Companies raise prices in response to higher labor costs, fanning inflation further
U.S. inflation showed some cooling off in July after posting large gains in prior months. Consumer prices rose at their slowest monthly pace since February, providing some relief to those in the “transitory” camp, who hold that this bout of inflation isn’t a long-term phenomenon.
While it’s unclear when inflation could return to a level closer to its 2 percent long-term trend, economists are increasingly talking about a gradual slowdown in inflation in the months and quarters ahead.
In a recent note, Goldman Sachs economists state that current levels of inflation will prove transitory, although a rapidly tightening labor market poses a risk as it could “translate into more persistent inflation pressures down the road.”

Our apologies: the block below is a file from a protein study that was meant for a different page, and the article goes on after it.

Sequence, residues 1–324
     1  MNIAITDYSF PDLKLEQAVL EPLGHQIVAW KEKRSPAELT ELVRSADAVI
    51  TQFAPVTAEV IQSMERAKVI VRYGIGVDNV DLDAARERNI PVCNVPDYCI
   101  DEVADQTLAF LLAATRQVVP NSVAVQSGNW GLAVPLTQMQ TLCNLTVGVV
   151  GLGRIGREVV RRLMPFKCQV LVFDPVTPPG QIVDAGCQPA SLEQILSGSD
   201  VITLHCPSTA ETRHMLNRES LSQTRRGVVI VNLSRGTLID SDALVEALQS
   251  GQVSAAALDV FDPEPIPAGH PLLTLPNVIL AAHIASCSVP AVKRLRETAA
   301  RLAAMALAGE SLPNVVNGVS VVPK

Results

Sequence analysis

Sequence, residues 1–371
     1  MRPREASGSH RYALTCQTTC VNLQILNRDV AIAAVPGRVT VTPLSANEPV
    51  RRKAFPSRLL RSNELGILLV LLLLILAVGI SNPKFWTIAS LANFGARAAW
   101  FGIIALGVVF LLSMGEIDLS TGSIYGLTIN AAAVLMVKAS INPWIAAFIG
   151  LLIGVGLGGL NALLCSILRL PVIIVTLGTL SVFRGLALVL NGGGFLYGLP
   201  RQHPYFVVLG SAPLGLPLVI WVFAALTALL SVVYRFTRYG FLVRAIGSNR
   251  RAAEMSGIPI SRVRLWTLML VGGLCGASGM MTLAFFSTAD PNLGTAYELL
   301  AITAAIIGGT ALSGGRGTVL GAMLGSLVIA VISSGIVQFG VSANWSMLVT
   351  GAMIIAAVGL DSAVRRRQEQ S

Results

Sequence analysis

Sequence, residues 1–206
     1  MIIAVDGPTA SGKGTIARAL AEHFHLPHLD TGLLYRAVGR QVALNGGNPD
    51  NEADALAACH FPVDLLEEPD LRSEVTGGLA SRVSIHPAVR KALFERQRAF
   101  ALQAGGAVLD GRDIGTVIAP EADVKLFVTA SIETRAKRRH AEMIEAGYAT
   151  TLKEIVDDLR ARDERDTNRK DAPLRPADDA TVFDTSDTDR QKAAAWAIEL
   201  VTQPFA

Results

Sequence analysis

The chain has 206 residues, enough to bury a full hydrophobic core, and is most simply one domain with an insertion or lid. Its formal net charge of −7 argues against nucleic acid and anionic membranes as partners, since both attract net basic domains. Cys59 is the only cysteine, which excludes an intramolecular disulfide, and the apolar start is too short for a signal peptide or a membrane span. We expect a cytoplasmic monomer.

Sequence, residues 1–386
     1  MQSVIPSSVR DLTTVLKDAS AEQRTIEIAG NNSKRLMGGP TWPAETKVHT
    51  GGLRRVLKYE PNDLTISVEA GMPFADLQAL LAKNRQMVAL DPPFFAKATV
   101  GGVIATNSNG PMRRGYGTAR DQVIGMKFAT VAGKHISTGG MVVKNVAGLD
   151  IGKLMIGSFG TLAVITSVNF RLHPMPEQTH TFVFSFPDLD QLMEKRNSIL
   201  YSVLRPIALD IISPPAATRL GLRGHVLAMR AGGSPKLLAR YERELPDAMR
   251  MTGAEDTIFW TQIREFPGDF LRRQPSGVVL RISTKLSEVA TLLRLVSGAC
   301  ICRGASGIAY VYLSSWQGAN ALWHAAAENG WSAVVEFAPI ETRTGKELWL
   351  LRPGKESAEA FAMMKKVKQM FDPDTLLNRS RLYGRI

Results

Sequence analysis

A swift rebound in the economy and a tight labor supply have returned the upper hand to American workers. Employers are competing to attract qualified candidates by raising wages and offering bonuses and other perks.
Companies are passing along these higher labor costs to consumers via price increases, hence adding to the inflationary pressures. And a record level of open job positions in the country suggests that businesses may continue to raise wages to attract people, which could in turn boost consumer prices further.
U.S. job openings reached an all-time high of 10.1 million in June. Layoffs also hit a record low as companies want to hold onto their employees to weather the labor crisis in the country.
Meanwhile, optimism among U.S. small businesses is dipping as labor shortage and supply chain constraints continue to cripple their business operations. The NFIB Small Business Optimism survey in July showed that a record-high 49 percent of small firms struggled to find workers to fill open positions.